Top frame of backyard movie screen

MichaelS779 | Instructables

With the top assembled, you can assemble the sides. Glue a drain T, onto the bottom of each vertical PVC piece. Again, make sure the pieces have the same orientation before adding glue. Next, glue the risers onto the bottom of the drain T.

Sides of frame for backyard movie screen

MichaelS779 | Instructables

Now, lay all the pieces in the yard. Arrange the pieces into the shape of your movie screen. You are simply going to put all the pieces together. Connect the verticals to the top piece and then the horizontal piece. Add the legs and lift the frame.

PVC frame for backyard movie screen

MichaelS779 | Instructables

You have a frame, but you still need a screen. You can use any solid white material, such as an old white tablecloth. Cut the cloth to the right size. Make sure you leave about 2 1/4-inches of space around the edge of the screen, for adding a hem for the grommets.

Add grommets to the screen. You will need about 32 grommets and 36 canopy ties. Try to space out the grommets evenly along the edge of the screen.

Adding grommets to the screen

MichaelS779 | Instructables

You can now hang the screen. Start with the corners and work your way across the top. You are ready to use your backyard movie screen. Bring out your video projector and adjust it until the display takes up your entire screen.

Hanging the screen on the frame

MichaelS779 | Instructables

This is a fairly easy DIY project and a fun way to spend an afternoon that gives you an excuse to use your video projector more often.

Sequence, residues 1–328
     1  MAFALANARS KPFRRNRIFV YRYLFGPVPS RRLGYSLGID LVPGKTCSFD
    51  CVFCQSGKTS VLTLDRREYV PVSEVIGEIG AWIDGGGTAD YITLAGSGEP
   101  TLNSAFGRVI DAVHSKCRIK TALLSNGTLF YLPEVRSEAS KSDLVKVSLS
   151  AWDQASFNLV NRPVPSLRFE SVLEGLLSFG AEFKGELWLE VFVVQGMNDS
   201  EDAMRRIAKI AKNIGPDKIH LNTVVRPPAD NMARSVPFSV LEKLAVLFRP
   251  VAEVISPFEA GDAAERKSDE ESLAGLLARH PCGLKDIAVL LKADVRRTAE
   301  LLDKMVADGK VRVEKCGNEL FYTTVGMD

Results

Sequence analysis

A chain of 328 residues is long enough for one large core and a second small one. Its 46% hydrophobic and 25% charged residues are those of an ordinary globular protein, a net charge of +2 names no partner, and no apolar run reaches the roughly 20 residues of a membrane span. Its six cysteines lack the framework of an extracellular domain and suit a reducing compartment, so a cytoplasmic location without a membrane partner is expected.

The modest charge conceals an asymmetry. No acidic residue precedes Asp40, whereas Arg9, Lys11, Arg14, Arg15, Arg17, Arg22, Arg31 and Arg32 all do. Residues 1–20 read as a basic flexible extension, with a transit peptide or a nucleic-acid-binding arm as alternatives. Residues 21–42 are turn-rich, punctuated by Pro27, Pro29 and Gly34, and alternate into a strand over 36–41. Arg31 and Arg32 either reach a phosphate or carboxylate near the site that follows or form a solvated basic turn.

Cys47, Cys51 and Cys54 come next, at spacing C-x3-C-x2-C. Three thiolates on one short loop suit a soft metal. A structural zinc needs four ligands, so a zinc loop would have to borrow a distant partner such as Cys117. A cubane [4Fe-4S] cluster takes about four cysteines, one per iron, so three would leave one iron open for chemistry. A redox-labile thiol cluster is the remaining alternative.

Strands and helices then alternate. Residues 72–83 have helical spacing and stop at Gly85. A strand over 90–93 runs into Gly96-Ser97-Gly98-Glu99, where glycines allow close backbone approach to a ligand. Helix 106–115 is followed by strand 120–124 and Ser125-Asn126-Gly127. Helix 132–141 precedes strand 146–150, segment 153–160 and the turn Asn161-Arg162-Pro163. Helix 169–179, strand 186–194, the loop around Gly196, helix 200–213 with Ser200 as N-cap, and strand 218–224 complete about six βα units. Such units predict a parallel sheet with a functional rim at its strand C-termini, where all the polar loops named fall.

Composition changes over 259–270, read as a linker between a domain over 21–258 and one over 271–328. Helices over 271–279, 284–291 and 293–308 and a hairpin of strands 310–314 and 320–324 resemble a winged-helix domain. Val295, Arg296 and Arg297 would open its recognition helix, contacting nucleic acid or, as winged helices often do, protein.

For a detailed step-by-step explanation, take a look at the original post on Instructables. See for yourself how to build your own drive-in with a DIY backyard movie screen.

Explore the Outdoors in Comfort with this De-mountable Pickup Truck Camper

By | Automotive, Outdoor | No Comments

Owning a pickup truck is one of the great pleasures in life. Having a truck gives you freedom. You have the freedom to drive through rough terrain for no reason whatsoever. You also have the freedom to fill up your truck bed with anything you choose. This includes everything from lumber to a full-sized camper van constructed from said lumber.

Expert DIY handyman at Handmade Matt has provided the world with a unique project. He has outlined the steps needed to construct your very own demountable camper van for a 4×4 pickup truck. Shock and amaze your friends or fellow campers as you invite them into your rustic redneck getaway only to watch their expressions as they view the inside. Your completed camper will include a full kitchen with running water, a fridge, a grill, and even a heater. It is a major undertaking, but well worth the effort.

Demountable Camper Pickup Truck - Interior

Handmade Matt

Matt wanted to create a demountable camper that features a rustic exterior with a completely modern interior. Well, he completely succeeded and if you follow his steps, you too could have your own luxurious camper hidden away inside a DIY camper.

Demountable Pickup Truck Camper - Measurements Diagram

Handmade Matt

Before you can get started, you need to take measurements of your truck. For Matt’s project, he used a 1999 Mitsubishi L200 with a 2.5TD engine and four-wheel drive. You do not need to use the same vehicle unless you want to follow his specific measurements. Matt provides a rough sketch of his camper design, but this can easily be adjusted to fit your truck bed.

Demountable Camper Pickup Truck - Fabricating the jacking points

Handmade Matt

Once you have the measurements, you can get started on the design and construction of the camper. The first construction project is the jacking points for the legs, as this is a demountable camper. Matt used 50mm box sections to accept 50mm timber. The steel jacking points are fitted with lumber and form the base of the camper. The hollow box section faces outward, in order to accept the jacking leg.